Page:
SMABS 2004 Jena University
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European Association of Methodology

Department of methodology and evaluation research

Jena University

Contributions: Abstract

Patient length of stay: an application of multi-level modeling in health services research

Elizabeth Gifford E. Michael Foster Allison Olchowski
Penn State University

OBJECTIVE: Previous research on inpatient psychiatric care for children with emotional problems indicates that patient characteristics only weakly predict length of stay (LOS). One explanation is that LOS is largely determined by facility characteristics. While infrequently used in health services research, multilevel modeling is well suited to addressing this question.

STUDY DESIGN: This study uses insurance claims data from 1996 to 2001 representing 30,584 admissions involving 17,656 youth in 263 facilities. The analyses reflect the cross-classified nature of the data - admissions are nested both within patients and facilities. Patients, however, are not nested within facilities as they may be treated in multiple facilities. Covariates include both patient-level characteristics and facility-level characteristics. We assume an improper uniform prior for the fixed parameters and diffuse gamma priors for the variance parameters.

PRINCIPAL FINDINGS: Our results suggest that roughly 8 percent of the variation in LOS is explained at the patient-level while 47 percent is explained at the facility-level. Our analyses also demonstrate the benefits of the cross-classified data structure; having repeated observations on individuals in different facilities improves the precision of variance estimates by 80 percent. By presenting shrinkage estimates of the residuals, we demonstrate a method for identifying facilities whose average LOS is exceptionally long or short and compare those results with frequentist results.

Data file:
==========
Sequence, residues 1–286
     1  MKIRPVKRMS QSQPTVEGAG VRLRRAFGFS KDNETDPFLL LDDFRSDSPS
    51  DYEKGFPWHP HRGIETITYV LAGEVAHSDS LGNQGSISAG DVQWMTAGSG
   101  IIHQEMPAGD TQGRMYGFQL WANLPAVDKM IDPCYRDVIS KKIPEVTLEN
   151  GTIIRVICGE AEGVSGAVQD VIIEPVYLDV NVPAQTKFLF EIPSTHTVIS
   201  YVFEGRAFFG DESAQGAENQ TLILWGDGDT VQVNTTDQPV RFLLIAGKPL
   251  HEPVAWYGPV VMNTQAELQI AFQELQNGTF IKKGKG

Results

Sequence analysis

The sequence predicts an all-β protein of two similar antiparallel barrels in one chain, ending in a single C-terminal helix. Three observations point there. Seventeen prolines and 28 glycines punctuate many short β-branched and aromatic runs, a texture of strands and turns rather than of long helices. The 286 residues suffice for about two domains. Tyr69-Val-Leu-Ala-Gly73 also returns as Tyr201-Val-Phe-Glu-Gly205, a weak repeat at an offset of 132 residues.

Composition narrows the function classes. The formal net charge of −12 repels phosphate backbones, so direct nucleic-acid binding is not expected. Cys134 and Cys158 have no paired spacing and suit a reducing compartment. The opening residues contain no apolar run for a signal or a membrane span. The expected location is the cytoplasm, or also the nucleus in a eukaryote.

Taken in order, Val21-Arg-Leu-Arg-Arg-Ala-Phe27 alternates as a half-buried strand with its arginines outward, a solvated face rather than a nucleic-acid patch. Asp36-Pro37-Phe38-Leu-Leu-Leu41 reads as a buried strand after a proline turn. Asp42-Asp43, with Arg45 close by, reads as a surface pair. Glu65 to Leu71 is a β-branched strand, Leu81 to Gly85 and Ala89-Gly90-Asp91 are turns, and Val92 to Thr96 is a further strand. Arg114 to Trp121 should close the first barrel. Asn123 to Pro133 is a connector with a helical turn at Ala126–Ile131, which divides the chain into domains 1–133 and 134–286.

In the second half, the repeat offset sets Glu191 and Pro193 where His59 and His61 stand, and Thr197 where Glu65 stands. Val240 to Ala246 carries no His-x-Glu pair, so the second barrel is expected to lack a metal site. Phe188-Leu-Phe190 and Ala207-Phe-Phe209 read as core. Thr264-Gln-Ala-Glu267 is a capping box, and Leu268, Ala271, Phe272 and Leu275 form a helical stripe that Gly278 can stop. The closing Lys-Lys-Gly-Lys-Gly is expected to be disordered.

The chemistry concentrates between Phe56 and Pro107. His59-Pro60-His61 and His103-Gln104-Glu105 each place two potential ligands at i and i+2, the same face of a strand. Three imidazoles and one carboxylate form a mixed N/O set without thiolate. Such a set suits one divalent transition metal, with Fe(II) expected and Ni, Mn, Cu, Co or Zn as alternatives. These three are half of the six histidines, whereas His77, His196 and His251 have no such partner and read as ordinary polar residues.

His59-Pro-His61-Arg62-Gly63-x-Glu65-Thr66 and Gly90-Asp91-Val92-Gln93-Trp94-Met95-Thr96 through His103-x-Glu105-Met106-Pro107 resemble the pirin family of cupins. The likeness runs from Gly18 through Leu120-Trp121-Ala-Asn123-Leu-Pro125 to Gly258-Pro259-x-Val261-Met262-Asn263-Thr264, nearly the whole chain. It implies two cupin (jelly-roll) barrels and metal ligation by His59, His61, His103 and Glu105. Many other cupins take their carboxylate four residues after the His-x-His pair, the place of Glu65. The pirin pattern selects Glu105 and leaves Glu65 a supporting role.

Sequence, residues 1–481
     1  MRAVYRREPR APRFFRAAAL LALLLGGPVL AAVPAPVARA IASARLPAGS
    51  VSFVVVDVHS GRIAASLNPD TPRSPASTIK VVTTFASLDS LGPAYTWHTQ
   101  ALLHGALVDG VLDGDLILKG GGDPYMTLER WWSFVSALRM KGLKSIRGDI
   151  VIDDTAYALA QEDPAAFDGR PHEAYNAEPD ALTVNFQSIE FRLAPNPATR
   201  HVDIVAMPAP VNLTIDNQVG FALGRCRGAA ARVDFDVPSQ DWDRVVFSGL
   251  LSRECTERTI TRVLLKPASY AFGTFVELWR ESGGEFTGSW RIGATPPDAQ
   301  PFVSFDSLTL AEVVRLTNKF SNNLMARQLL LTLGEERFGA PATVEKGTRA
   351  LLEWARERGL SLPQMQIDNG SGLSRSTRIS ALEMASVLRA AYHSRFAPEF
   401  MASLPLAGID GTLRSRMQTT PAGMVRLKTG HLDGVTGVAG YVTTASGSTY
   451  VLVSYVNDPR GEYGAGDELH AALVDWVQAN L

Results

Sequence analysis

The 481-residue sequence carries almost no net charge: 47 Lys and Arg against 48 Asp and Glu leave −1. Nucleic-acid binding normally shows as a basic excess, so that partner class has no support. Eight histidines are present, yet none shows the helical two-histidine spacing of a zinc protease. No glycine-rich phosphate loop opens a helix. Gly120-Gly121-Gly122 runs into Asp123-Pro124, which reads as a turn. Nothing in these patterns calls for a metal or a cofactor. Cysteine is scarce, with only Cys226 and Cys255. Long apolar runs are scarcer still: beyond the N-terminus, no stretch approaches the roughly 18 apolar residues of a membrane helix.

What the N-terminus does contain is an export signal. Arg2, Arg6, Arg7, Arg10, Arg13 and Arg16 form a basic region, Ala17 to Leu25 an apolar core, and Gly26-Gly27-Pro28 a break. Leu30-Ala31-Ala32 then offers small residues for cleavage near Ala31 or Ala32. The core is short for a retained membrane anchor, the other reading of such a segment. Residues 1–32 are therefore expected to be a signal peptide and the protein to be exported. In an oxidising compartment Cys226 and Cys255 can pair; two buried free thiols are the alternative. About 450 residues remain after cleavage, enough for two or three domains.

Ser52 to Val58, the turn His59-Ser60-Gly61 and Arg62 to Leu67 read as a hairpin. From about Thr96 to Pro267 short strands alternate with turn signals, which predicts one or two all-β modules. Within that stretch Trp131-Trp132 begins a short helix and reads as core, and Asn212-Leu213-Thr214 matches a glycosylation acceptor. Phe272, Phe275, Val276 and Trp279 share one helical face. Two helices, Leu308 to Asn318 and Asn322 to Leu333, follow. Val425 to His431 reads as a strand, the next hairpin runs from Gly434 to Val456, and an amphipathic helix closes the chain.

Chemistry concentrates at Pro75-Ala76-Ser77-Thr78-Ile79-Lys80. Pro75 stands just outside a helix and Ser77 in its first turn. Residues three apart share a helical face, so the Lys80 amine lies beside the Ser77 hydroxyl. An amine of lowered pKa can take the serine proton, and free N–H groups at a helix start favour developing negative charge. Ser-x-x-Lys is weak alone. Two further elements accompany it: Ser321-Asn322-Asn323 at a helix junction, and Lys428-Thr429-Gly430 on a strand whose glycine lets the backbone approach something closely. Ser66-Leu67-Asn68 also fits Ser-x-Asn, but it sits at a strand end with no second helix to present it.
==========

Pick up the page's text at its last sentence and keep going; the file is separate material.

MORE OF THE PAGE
CONCLUSIONS: Nearly 50 percent of the variation in LOS is explained at the facility-level. Given the vulnerable nature of youth who are in need of inpatient psychiatric care, it may be particularly important to monitor provider-level processes and outcomes. Measuring facility or provider level quality is complicated because of difficulties in directly comparing the illness levels of the patients that each treats. The methodology presented here improves our ability to identify high performing or low performing facilities.